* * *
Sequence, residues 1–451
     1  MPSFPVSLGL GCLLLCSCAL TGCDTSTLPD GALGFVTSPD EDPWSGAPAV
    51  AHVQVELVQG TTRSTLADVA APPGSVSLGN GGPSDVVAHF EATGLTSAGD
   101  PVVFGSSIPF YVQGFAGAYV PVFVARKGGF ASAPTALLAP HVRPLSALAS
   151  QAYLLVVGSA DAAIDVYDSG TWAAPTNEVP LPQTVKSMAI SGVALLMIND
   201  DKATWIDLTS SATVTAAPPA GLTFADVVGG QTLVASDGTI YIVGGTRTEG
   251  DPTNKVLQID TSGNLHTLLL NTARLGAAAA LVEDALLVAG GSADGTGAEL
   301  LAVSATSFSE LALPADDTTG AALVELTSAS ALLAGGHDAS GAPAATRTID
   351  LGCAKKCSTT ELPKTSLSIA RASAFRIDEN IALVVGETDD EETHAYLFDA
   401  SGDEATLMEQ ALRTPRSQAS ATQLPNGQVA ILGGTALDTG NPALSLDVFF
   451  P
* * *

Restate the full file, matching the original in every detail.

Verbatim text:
Sequence, residues 1–451
     1  MPSFPVSLGL GCLLLCSCAL TGCDTSTLPD GALGFVTSPD EDPWSGAPAV
    51  AHVQVELVQG TTRSTLADVA APPGSVSLGN GGPSDVVAHF EATGLTSAGD
   101  PVVFGSSIPF YVQGFAGAYV PVFVARKGGF ASAPTALLAP HVRPLSALAS
   151  QAYLLVVGSA DAAIDVYDSG TWAAPTNEVP LPQTVKSMAI SGVALLMIND
   201  DKATWIDLTS SATVTAAPPA GLTFADVVGG QTLVASDGTI YIVGGTRTEG
   251  DPTNKVLQID TSGNLHTLLL NTARLGAAAA LVEDALLVAG GSADGTGAEL
   301  LAVSATSFSE LALPADDTTG AALVELTSAS ALLAGGHDAS GAPAATRTID
   351  LGCAKKCSTT ELPKTSLSIA RASAFRIDEN IALVVGETDD EETHAYLFDA
   401  SGDEATLMEQ ALRTPRSQAS ATQLPNGQVA ILGGTALDTG NPALSLDVFF
   451  P